The military regime has squirrelled away its media control bill since April. Presumably it is seeking "the right time" to bring it to the cabinet and send it to the National Legislative Assembly (NLA) for enactment.
The bill is only part of the regime's programme to bring the media under control and to heel.
The junta's theory is that all media should be subservient to the government. But it isn't, and the current plan to bypass the constitutionally guaranteed freedom of the press will surely backfire. It is not the media that will suffer most if it is put under the regime's thumb. The public, already rightly sceptical of the military regime's sometimes outlandish propaganda, will lose faith in it. A government-controlled media means more than a loss of critics. It means a loss of credibility.
Credit, then, Democrat Party leader Abhisit Vejjajiva and various media groups, especially the Thai Journalists Association (TJA). They have fought the good fight to keep the public informed of the regime's ultimate plan to curb and possibly end all press freedom. As Mr Abhisit told a seminar last week, the government should be barred by law from any interference with the media.
The regime's defence of the dreadful media control bill is that the media needs reforming and outsiders are more qualified to do it. Mr Abhisit's proper and correct response: The media can, does and will continue to reform. And even before it gains the fortitude to expose its control bill to the light of day through the cabinet and the legislature, the media is showing its true colours.
From the day of the May 22, 2014 coup, the regime of Prime Minister Prayut Chan-o-cha has treated the media as hostile and even as an enemy. Editors and reporters were instructed on their "duty" to the regime. Those publishers, bylined reporters and oped commentators considered over the line were "invited" for a talk or the rightly infamous "attitude adjustment" sessions worthy only of the worst banana republics.
Of late and more loathsomely, the regime has begun applying Section 116 of the Criminal Code against what it sees as recalcitrant media members -- sedition. This old and rightly feared charge is a form of treason. Legally, sedition is an overt action to overthrow a government and hand it to hostile forces; treason is the same thing, done in secret.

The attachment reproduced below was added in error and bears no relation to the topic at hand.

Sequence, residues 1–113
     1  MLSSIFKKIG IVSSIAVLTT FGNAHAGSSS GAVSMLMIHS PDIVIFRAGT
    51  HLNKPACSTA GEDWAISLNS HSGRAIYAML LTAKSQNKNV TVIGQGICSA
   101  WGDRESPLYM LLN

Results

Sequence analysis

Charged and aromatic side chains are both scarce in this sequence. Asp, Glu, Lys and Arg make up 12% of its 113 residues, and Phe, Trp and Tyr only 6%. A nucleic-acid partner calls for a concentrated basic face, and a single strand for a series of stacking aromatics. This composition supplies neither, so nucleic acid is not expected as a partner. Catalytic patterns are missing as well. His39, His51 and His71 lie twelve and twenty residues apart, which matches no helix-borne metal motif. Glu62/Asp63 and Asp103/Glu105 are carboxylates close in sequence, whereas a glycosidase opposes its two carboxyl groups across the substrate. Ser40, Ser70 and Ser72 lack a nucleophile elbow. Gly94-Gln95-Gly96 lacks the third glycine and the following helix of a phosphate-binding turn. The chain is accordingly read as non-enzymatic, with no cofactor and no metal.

In the eyes of the current regime, at least 20 cases of alleged sedition have been brought against Thai journalists and civil society members who criticised the regime or the coup. Astonishingly, in the past three years and three months, the absolutely secure junta has charged a total of 66 people with sedition. This is clearly prosecutorial harassment and an attempt by the regime to silence critics through intimidation.
As dreadful as that is, the media control bill is worse. In the first place, it is clearly against the supreme law, the regime's own constitution. The charter, approved by a hefty majority 13 months ago, clearly states the government must never intrude upon press matters. Yet the law that will go into effect any time the junta wants and it places the government in almost direct control -- not just of newspapers, TV news and the like, but everything internet.
There is plenty to oppose, but arguably the worst section of the pending media bill will require registration by "journalists". That includes bloggers, YouTube reporters and satirists, net idols and just about anyone using a keyboard to disseminate information and opinion from inside Thailand.
Government control of the press is never a good idea. Under the military, this government has surpassed even past dictators like Sarit Thanarath and Thanom Kittikachorn. The government must realise the media's responsibility is not to the regime, but to the nation.